Let me explain. I’m now 24 years old. My teenage years are behind me and my social life back then was almost non-existent (in fact, it was only after I turned 20 that I acknowledged I had a great need to be more social). It is certainly better now, but there is a certain sadness when I reflect back on the past. From my teen years, I have no memories of any sleepovers, or of going out at night with a group of friends and talking about which girls at our school were hot, or hardly any memories of any birthday parties, and so on. I empathise deeply with my past self and feel sad about these opportunities not taken.

Thus, we come to some of the particular social desires I now crave for. I want to experience those opportunities again. I want to be able to host sleepovers and go to them where we all sleep on the floor in the same room, having a few laughs, and throw a few pillow fights and the like. And how about a good game of spin the bottle if we’re going to have both guys and girls there or a game of truth or dare (heck, “silly” games like these we can do at other opportunities too)? But here’s the catch. As I said, I’m now 24 years old. These things I mention are way more common for teenagers to do than older people like me. It seems as though my desires to do such things have developed too late (or at least the recognition of them has come too late).

My developing social desires do not just stop at a teenage social life, however. I also crave intimacy. Of course, intimacy between me and other people will also help with having a those elements of a teenage social life too. I desire intimacy in two ways: verbal and physical. By verbal intimacy I mean where we all trust each other with the secrets of our lives and can rely on each other when problems develop in our lives. Verbal intimacy in this form is certainly common and as I continue to improve my social life, the more opportunities there will be for verbal intimacy to occur. Physical intimacy, however, is not so common. If I may be blunt, I love to cuddle. And not just with a girlfriend. I mean non-sexual cuddling between friends. Now, teenager or not, this is going to be less common. And when I say friends, I mean both guy and female friends. In the western world today, the only type of cuddling that is fairly common is between either romantic partners or between parents and very young children. Also, if I was girl the situation would be a little different. Girls and women who are friends do often cuddle with each other, especially given how this gender generally desires intimacy more. But because I’m a guy, the only kind of person I have an almost definite chance with cuddling with is a girlfriend. I would also like to emphasis the point that this is strictly non-sexual and that I am most definitely straight. That being said, I would certainly like to cuddle with friends, girls and guys. But cuddling with female friends has a higher chance of happening than cuddling with guy friends, while cuddling with a female friend who is my girlfriend has the highest chance of all, due to the attitudes that surround western culture and western conventions that surround both genders.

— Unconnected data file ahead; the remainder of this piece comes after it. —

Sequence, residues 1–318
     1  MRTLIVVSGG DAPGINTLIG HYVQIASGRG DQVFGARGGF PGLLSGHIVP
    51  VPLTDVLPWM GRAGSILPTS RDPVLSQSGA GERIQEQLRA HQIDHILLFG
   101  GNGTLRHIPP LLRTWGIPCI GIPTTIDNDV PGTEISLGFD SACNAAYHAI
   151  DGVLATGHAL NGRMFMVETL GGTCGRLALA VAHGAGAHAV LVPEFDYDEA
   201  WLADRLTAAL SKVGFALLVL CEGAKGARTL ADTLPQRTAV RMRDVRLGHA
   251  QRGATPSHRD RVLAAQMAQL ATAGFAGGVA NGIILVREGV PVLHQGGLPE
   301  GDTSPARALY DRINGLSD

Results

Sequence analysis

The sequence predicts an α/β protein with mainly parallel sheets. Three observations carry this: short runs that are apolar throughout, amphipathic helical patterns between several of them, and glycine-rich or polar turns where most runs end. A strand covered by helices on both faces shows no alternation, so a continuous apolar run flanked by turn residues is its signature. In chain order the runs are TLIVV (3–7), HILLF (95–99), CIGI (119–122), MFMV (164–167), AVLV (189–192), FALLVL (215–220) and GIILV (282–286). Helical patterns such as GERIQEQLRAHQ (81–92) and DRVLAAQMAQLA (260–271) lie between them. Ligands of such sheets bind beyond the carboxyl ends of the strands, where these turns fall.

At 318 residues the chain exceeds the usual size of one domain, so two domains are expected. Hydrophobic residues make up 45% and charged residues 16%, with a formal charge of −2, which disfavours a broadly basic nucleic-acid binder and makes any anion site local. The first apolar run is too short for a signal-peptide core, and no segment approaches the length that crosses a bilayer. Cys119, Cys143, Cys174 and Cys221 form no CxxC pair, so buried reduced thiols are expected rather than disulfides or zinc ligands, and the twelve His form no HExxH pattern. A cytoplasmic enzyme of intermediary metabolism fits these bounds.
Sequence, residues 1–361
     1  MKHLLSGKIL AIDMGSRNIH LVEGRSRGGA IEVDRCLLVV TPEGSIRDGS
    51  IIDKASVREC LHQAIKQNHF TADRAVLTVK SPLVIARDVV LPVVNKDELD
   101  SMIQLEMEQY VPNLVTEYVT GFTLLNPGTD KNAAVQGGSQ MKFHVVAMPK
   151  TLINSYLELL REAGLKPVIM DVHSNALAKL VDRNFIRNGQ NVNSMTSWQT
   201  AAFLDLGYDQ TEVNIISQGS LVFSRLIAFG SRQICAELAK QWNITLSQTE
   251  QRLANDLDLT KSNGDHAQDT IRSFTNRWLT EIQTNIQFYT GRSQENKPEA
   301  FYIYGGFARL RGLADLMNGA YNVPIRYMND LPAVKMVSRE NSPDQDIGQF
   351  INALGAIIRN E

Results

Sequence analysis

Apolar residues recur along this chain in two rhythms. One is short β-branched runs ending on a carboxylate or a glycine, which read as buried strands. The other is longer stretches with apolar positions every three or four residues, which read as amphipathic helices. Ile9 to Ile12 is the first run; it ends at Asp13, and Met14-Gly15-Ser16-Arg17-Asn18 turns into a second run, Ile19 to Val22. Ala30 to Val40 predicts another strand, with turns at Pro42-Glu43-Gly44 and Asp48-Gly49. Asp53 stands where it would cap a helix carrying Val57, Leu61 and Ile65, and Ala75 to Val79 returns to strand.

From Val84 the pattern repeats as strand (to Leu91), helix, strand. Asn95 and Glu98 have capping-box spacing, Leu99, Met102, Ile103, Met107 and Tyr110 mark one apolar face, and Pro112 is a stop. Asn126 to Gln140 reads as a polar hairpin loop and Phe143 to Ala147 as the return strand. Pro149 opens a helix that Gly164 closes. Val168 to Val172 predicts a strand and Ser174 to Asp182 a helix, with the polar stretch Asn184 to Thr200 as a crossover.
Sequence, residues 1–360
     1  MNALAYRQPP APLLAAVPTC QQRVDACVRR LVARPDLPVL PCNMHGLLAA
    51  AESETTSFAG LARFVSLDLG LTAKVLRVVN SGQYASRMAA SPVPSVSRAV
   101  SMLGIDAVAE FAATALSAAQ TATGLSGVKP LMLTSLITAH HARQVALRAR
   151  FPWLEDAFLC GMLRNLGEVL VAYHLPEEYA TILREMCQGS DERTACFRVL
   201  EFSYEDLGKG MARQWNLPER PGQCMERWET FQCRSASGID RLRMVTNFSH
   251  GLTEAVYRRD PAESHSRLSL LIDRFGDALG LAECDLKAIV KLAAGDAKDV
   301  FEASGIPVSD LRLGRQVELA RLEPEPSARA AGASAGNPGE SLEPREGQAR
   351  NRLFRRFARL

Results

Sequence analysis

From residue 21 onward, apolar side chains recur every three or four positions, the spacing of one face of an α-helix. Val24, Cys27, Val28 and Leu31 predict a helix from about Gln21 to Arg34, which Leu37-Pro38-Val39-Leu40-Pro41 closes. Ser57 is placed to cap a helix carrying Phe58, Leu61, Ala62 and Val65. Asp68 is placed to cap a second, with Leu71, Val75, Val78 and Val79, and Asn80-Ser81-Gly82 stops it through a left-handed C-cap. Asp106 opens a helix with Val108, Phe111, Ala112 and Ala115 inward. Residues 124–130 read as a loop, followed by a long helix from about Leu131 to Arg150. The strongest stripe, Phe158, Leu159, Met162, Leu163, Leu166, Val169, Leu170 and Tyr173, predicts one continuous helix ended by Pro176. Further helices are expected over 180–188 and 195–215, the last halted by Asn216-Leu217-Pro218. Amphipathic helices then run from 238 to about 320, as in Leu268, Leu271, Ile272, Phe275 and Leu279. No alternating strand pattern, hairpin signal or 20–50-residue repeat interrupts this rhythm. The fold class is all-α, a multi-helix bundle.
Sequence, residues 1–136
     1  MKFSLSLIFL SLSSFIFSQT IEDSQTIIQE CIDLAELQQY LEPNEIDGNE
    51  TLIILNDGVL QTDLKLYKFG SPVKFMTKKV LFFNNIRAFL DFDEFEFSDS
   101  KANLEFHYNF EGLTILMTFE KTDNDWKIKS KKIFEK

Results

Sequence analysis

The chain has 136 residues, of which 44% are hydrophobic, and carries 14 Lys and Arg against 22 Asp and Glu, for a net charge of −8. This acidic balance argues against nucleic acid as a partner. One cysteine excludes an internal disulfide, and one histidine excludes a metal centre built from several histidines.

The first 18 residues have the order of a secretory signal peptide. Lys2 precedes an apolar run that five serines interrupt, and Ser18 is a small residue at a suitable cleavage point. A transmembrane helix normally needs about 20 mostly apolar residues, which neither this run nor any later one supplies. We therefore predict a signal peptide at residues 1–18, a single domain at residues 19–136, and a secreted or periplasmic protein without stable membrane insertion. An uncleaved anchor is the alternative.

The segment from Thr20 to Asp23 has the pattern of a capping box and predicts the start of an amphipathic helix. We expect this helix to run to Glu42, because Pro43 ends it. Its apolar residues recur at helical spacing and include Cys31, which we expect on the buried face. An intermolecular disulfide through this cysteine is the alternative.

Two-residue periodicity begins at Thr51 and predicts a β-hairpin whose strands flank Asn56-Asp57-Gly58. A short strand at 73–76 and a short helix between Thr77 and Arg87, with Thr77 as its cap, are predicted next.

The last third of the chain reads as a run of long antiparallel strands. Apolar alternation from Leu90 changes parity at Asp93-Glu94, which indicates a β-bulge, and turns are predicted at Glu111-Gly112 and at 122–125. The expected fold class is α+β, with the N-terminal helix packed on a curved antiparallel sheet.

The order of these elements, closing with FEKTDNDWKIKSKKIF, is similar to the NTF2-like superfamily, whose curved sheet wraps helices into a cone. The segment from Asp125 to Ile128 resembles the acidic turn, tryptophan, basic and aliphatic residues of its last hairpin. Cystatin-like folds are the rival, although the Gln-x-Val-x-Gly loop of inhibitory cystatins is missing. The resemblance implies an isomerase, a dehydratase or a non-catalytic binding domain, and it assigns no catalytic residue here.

I actually saw a counsellor today about these issues who was quite supportive. He thought that it was a good thing that I’m developing and thinking in this way regardless. A desire for intimacy is a precious thing and something to be cherished. A few other points we touched on were that verbal intimacy comes before physical intimacy and that it was my responsibility when the time was right to say what my desires were in order for there to be a chance to have them fulfilled. It’s good to know a lot about each other and to work on the friendship first. Then when you start telling things about yourself to potential close friends, you should do so with honesty and see how accommodating you can all be with fulfilling your social desires. In my case, it would involve explaining my love of cuddling and the elements of a teenage social life outlined above. And given how much I’ve developed over the years, I think I have every reason to be optimistic. And may everyone, not just me, have their own set of social desires fulfilled.